Reach out to other LGBTQ+ people on social media. 

The wonderful thing about social media is that you can reach out to people that are part of the community, even if you’re not out yet. You can create a social media account on Twitter or Instagram, but change your name so that you can communicate with people without having to worry about outing yourself.

Gina*, 17, tells Her Campus, “Twitter was the first place I felt accepted. I’m not out to my family and only a few friends know and it’s scary but coming on Twitter felt easy. It’s a place that’s accepting and just overall somewhere you can be yourself without fear. It helped me come to terms when I was in middle school and internalized homophobia and it was terrifying. Then coming on Twitter to be like, ‘Hey, I’m pansexual’ and have people be so accepting made it less scary. So Twitter being the first place to say I’m gay made it less scary to say out loud, to myself.”

If you don’t want to do that, though, Pizzo says, “Showing support for your openly queer friends on social media is another great option. Or just commenting something sweet and encouraging on a queer stranger’s TikTok or Reddit post! You might make someone’s day by hyping up their outfit.” 

However, if those formats of social media are too much of a commitment for you, you can also reach out to others on anonymous servers or forms. While many people utilize Reddit as a popular anonymous form, Nguyen says, “So many organizations post their groups on social media, and they will never force you to show your identity.” For example, The Trevor Project has Trevor Space, where you can communicate with fellow LGBTQ+ youth.

Another option is to join a Discord server. Unlike other platforms, you need permission to join Discord servers, so it will be a little bit safer than an anonymous forum that anyone can get access to, and you’ll know everyone who’s in there has been vetted by the moderators. These servers can talk about anything from just everyday interests and activities between members of the community to more specifically helping others figuring out and offering information on their own identities. I’ve been a part of a Discord server where we had a Queermas party and played games while also getting to know each other. It allows you to befriend fellow LGBTQ+ people without having to worry about being seen by others in public. 

Wear the colors of your Pride flag. 

If you’re not out, you may not feel comfortable buying your own Pride flag to hang in your room or dorm. Another option, though, is for you to wear the colors of your Pride flag in a more subtle way. Doing so allows you to celebrate your identity without having to worry about others around you getting suspicious. You can buy clothes in the colors of your Pride flag, whether that’s shoes, shirts, a dress, or anything else you’re comfortable in. For those that are a little more adventurous or like exploring with their hair colors, try dyeing your hair to match the flag or get hair clip-ins that are the same color and wear those for the month of June. Whatever you do, make sure that you feel confident and like your best self!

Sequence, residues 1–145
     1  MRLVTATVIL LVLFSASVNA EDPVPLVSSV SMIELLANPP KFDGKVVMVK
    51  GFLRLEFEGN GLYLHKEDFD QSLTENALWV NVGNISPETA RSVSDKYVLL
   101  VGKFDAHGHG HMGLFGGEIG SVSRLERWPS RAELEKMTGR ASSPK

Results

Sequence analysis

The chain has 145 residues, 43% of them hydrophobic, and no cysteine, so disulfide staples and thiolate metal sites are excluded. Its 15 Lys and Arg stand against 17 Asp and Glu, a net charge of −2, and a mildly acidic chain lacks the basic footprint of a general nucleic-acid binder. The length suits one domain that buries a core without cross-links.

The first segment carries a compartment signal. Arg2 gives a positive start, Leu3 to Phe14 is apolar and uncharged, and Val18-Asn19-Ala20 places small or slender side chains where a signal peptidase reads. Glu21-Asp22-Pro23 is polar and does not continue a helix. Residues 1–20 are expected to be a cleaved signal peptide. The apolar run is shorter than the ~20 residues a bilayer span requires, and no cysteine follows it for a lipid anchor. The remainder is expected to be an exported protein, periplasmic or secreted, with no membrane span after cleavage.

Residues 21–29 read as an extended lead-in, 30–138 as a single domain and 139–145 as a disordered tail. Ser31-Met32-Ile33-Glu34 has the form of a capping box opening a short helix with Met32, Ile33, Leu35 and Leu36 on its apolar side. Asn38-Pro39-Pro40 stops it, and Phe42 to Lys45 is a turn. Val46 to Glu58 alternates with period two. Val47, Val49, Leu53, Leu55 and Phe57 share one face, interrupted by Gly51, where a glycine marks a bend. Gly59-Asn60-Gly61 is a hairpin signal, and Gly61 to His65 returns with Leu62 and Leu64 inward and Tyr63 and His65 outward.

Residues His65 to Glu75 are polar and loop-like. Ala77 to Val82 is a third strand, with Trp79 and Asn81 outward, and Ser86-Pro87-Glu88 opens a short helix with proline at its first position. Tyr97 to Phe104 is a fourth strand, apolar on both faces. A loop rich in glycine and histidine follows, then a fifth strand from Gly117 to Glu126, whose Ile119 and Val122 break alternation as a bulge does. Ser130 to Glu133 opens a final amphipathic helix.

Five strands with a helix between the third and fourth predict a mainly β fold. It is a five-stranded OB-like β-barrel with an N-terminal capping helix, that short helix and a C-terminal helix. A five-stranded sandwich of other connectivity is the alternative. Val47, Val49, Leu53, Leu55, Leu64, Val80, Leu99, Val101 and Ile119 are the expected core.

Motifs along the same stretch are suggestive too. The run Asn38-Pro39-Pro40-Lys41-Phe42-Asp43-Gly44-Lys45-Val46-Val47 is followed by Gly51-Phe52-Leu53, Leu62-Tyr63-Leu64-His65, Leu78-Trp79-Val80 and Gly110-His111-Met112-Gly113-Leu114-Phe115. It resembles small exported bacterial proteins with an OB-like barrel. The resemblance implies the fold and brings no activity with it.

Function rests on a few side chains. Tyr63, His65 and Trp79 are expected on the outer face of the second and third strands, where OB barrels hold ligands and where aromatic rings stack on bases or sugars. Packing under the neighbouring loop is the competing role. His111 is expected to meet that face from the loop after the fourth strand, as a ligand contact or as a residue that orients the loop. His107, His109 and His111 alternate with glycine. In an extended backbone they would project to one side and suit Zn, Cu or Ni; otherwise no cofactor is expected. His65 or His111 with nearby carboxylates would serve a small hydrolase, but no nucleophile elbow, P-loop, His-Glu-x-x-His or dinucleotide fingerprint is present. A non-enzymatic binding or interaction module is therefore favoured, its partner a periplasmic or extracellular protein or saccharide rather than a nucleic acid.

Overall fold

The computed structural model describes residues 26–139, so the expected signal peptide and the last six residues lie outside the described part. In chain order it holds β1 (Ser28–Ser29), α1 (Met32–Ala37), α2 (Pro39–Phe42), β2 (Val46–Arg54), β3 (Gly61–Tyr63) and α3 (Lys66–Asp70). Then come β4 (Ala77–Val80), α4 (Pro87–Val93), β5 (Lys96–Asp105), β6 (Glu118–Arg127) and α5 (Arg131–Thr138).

Contrary to what you might think, you don’t need to be out to celebrate Pride Month. You’re just as valid as those that are out, and you deserve to celebrate it just as much. Take the month — and the rest of the year — to celebrate yourself and your identity, how rich and wonderful the community is, and the people that are a part of it. Wherever you are in your life and on your journey, happy Pride Month!

*Name has been changed.

Born and raised in Arizona, Kayleigh Shaw is a Her Campus National Writer. She mainly writes for the Culture section, primarily focused on the latest entertainment news, but will occasionally write about life and career, giving advice to a wide array of readers. Outside of Her Campus, Kayleigh was also a part of Rod Pulido’s Street Team for his debut novel, Chasing Pacquiao and completed social media challenges to promote the book. She also hopes to one day write for Screen Rant and Comic Book Resources. where she will continue to use her love of all things pop culture to her advantage. She also graduated from Glendale Community College in May 2022 with an Associate's Degree in English. When Kayleigh's not working on journalism pieces, she can be found writing poems and short stories, reading, watching TikToks, listening to their favorite podcasts, listening and dancing to Sabrina Carpenter and Taylor Swift, watching movies and TV shows on Netflix and Hulu (while crying over fictional characters and relationships.) She would live in a library and avoid the rest of the world if she could. She also drinks coffee like a Gilmore and often goes down rabbit holes researching their hyper fixations.